Global water withdrawals in the last century have been increasing at an even greater rate than the global population, and by the year 2025 it is expected to be over 5,000 km3 per year. Efficiency in the supply and delivery of water is an important strategy towards achieving water security under these circumstances. It helps to ensure reliable water supplies by improving efficiencies in channel and pipe distribution networks, and by opening up alternative water sources. Supply efficiency can take place on many levels.
At the level of water utilities, efficient supply management may involve improvements in abstraction, treatment, bulk transfers, local distribution, consumer meters, revenue collection, appropriate economic analysis, and accounting procedures. Important tools for improving water supply efficiency for utilities include:
- Universal metering;
- Distributional zonal metering;
- Leakage and pressure reduction.
In fact, leakages and pressure reduction are responsible for up to 50% of water losses in irrigated agriculture before the water reaches users. In urban settings, the numbers can be 30% or even more. Consequently, improving piping systems or channels, mains replacement and renewal programmes are a big step towards managing water supply more efficiently. Dual supply systems of different water quality for different uses can also be a cost effective option to increase efficiency in water management (and may be useful for Recycling and Reuse, C3.03). One example of that would be to have separate systems for domestic use and for drinking water.
Rain water harvesting is an approach whereby rain is collected and stored in the soil profile or in tanks, ponds or cisterns to provide water for irrigation or domestic purposes rather than immediate evaporation. Rainwater harvesting is particularly useful where rainfall is highly seasonal and can reduce the volume lost to the community in run-off. It can be applied in both rural and urban areas where rainfall can be collected from roofs and hard surfaces.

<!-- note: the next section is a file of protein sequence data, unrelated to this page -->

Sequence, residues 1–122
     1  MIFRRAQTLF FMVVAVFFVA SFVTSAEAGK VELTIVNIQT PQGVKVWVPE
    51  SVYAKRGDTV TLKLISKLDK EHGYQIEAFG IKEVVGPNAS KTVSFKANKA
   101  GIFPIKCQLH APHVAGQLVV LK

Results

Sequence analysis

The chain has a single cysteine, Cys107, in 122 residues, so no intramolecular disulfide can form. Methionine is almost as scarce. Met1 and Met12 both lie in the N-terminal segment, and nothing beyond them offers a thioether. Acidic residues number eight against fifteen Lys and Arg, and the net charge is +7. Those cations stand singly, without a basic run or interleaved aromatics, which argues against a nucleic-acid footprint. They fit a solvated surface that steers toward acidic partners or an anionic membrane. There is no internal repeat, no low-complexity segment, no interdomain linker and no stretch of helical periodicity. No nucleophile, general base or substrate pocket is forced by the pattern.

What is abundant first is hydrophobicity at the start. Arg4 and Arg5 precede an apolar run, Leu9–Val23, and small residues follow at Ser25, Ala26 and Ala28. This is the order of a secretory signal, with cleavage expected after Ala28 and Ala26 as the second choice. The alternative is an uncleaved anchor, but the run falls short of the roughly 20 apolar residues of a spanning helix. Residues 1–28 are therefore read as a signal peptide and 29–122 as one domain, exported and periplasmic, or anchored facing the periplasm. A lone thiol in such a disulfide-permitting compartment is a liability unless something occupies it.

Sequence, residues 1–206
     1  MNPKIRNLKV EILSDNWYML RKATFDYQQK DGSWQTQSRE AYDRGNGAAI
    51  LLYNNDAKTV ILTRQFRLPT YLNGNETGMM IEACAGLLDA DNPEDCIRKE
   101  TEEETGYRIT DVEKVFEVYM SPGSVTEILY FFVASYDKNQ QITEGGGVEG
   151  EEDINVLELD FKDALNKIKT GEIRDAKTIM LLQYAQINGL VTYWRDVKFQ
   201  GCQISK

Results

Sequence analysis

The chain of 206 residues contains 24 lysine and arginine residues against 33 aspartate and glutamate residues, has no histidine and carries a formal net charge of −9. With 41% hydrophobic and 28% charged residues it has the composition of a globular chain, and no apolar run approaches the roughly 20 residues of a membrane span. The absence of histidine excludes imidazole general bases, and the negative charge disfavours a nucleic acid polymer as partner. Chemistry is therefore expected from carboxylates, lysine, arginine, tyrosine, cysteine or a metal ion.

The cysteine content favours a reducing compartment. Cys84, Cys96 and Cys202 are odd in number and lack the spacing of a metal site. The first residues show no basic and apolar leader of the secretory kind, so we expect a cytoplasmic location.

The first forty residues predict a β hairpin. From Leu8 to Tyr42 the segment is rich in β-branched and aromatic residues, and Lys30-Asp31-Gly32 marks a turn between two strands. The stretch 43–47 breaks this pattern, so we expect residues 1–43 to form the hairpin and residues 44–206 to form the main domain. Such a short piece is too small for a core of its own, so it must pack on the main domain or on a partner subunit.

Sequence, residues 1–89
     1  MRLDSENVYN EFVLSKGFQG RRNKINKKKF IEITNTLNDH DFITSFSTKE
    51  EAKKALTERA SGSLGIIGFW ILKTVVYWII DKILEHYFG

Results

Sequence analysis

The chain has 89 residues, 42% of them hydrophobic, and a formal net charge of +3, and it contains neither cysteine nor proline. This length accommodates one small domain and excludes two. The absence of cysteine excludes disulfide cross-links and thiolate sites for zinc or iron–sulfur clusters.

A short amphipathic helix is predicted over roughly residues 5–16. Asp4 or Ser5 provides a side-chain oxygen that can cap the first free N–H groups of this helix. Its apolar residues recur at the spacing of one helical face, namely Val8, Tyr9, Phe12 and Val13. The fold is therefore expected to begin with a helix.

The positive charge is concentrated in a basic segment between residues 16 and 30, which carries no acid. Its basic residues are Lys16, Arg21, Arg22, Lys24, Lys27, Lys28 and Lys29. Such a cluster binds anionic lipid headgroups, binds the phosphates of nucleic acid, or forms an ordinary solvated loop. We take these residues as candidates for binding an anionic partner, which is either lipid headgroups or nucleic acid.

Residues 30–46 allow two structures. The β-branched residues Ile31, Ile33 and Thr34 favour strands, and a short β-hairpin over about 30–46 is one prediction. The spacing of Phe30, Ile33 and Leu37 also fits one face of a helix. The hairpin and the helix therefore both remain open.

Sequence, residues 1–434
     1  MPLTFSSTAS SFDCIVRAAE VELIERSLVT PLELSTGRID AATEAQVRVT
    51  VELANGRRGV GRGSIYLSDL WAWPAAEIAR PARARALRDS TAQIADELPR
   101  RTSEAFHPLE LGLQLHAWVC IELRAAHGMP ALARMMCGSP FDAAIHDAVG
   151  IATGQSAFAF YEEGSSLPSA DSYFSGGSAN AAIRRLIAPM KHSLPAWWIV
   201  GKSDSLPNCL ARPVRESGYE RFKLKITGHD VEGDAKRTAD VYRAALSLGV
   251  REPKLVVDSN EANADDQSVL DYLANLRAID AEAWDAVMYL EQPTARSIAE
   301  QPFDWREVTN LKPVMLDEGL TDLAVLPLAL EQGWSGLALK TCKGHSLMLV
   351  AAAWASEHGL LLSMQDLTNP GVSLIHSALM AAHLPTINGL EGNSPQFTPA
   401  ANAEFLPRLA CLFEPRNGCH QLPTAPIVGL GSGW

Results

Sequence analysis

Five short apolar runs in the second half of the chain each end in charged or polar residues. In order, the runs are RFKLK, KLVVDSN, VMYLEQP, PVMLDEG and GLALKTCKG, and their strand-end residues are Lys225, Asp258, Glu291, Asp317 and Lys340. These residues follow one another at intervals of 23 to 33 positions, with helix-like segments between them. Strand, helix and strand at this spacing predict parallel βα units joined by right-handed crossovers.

When considering measures to improve water supply efficiency, a balance needs to be struck between the capital investment required for those measures and other investments needed in the water sector, in order to expand supply capacity or for maintenance. Often times, projects or programmes to save water can postpone major capital investments in supply infrastructure.
The introduction of efficient supply approaches in utilities or irrigation systems may need retraining and institutional reform (See B2.01 on targets and incentive structures for public service providers, B4.02 on increasing IWRM capacity and training of water professionals). Improving supply efficiency may also require investments in the distribution systems (subject to economic and financial appraisal, see A3; C7), institutional Capacity Building (B4), Consensus Building (C5.02), regulations for water quality (A2.01), Data Collection and management (B4.01; C1.02; C3), and Raising Awareness (C8.02).
- Improved supply efficiency can postpone the need for new capital investment, but careful economic and financial analysis will be needed (C2.06).
- Some supply side techniques are capital intensive with high investment costs, such as the lining of irrigation canals.
- Rainwater harvesting is an effective intermediate technology with small capital requirements, and it holds great potential for community development and management.
- Technology changes in, for example, the delivery of irrigation water need to be accompanied by appropriate changes in irrigation practices in order to be effective. If an enhanced delivery system leads to an increased availability of water for use, but that use is wasteful, the overall balance doesn’t improve.
- All changes need to be supported by training (C4.02) and awareness raising campaigns (C8).
- Even though rain water harvesting may only provide water for a proportion of the year, it may be welcomed by poor people, women especially, as an alternative to carrying water from a more dependable but distant source.